Wednesday, March 09, 2022

Rescuing Maligned Views in Phil Mind [HYC]

Epiphenomenalism and Idealism are two of the most maligned views in philosophy of mind. So it's kind of funny that Helen defends both.  Something I really like about her papers is that they really bring out why these views are much more defensible -- or even appealing -- than others usually realize.  This comes through especially strongly in her two latest papers:

(1) 'Get Acquainted With Naïve Idealism' (forthcoming in The Roles of Representations in Visual Perception) argues that only idealists can truly secure the putative epistemic benefits of direct realism about perception, as the only well-developed conception of direct acquaintance on offer in phil mind involves the objects of direct acquaintance (i.e., phenomenal experiences) being literal constituents of our thoughts.  Helen shows how idealists can extend this account to make sense of direct acquaintance with "physical" objects (that are themselves ultimately made of phenomenology, and hence apt to enter our minds in the relevant way), while traditional materialist accounts of physical reality can't make sense of this.  The resulting theory of perception -- naive idealism -- is completely wild, but a lot of fun to think about!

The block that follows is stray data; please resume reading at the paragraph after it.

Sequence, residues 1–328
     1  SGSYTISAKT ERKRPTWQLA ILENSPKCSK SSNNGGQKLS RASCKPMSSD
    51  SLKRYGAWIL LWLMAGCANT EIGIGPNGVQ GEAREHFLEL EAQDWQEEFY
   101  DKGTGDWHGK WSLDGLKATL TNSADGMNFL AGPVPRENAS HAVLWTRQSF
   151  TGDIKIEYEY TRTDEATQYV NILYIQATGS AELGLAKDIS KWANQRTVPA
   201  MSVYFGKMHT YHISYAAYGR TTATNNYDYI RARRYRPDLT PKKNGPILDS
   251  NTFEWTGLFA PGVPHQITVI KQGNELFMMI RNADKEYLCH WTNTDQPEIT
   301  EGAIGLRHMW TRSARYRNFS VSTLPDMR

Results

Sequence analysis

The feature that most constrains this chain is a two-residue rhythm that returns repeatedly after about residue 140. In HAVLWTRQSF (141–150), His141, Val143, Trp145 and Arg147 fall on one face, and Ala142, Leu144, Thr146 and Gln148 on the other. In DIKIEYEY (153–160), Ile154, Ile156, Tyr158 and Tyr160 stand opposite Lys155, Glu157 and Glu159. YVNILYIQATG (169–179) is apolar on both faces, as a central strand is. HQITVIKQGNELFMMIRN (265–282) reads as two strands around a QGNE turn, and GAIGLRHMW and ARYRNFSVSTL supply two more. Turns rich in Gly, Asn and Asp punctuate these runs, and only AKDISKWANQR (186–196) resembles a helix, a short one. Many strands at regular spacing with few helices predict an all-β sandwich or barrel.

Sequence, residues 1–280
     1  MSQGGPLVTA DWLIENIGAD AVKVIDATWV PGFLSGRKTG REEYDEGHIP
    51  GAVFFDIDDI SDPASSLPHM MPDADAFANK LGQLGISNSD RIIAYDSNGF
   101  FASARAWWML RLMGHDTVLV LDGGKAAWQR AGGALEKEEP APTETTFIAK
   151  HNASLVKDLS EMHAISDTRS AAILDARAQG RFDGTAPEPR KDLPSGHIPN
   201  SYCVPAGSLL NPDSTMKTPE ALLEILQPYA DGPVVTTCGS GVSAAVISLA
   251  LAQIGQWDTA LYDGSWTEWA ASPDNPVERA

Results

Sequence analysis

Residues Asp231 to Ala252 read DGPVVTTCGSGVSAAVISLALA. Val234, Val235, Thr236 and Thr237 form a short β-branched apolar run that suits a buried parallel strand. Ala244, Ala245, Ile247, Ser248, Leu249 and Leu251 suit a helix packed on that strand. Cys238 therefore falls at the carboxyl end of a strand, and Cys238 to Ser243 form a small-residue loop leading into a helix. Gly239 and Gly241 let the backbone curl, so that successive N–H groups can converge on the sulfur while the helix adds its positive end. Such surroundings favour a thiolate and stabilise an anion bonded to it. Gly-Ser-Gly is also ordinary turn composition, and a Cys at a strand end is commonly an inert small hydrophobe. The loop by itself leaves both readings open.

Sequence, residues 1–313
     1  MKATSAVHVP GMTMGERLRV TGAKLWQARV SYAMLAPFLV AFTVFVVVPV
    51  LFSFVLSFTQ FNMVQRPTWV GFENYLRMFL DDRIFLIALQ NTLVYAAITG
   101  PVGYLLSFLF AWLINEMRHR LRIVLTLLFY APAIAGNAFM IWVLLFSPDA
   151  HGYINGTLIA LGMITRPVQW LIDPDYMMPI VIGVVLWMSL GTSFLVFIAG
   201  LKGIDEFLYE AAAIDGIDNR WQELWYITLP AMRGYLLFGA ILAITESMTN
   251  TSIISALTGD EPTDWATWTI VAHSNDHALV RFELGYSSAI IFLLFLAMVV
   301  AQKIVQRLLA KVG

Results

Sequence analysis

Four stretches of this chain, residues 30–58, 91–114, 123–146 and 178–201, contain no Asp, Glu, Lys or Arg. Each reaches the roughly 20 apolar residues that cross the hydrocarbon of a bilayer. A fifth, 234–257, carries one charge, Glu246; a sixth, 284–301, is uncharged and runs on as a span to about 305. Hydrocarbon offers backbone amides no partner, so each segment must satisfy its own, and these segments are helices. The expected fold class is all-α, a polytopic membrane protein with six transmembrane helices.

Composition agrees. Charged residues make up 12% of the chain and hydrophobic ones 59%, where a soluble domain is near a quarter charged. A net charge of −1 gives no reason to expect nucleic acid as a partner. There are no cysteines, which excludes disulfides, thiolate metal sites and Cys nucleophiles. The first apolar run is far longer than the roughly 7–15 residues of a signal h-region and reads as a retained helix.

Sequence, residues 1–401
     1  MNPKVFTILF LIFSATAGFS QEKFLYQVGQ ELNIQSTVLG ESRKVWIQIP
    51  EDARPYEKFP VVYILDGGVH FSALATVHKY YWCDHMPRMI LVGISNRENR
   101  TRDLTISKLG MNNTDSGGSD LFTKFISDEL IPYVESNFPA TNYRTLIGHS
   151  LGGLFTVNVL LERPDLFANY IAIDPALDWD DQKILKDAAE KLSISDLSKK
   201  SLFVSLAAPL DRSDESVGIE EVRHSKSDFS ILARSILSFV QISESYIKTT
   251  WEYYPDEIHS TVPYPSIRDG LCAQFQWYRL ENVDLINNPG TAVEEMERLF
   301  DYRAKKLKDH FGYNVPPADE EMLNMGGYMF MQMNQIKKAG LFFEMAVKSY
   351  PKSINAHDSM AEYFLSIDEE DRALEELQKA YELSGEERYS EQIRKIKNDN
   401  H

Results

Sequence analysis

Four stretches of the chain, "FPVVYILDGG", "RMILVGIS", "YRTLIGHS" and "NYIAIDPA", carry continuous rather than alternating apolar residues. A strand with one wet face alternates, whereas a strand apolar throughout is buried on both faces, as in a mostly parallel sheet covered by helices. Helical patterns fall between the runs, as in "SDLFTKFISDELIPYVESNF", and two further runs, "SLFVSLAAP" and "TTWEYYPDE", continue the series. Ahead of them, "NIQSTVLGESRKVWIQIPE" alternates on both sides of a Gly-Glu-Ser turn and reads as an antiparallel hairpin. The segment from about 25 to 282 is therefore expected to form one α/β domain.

(2) 'Dualism All the Way Down: Why There is No Paradox of Phenomenal Judgment' (forthcoming in Synthese) should instantly become required reading for any class that covers epiphenomenalism.  In this paper, Helen expands upon Chalmers' classic defense of epiphenomenalism against the paradox of phenomenal judgment ("how can you know you're conscious, if qualia can't cause this belief?"), emphasizing that the paradox -- including Kirk's post-Chalmers development of it -- loses its force when one takes care to adopt a systematically dualistic conception of the mind, such that you are not your brain.  This putative "paradox" is usually taken to be the objection to epiphenomenalism, and this paper basically offers a knock-down refutation of it (and a half-dozen closely related variants of the objection).



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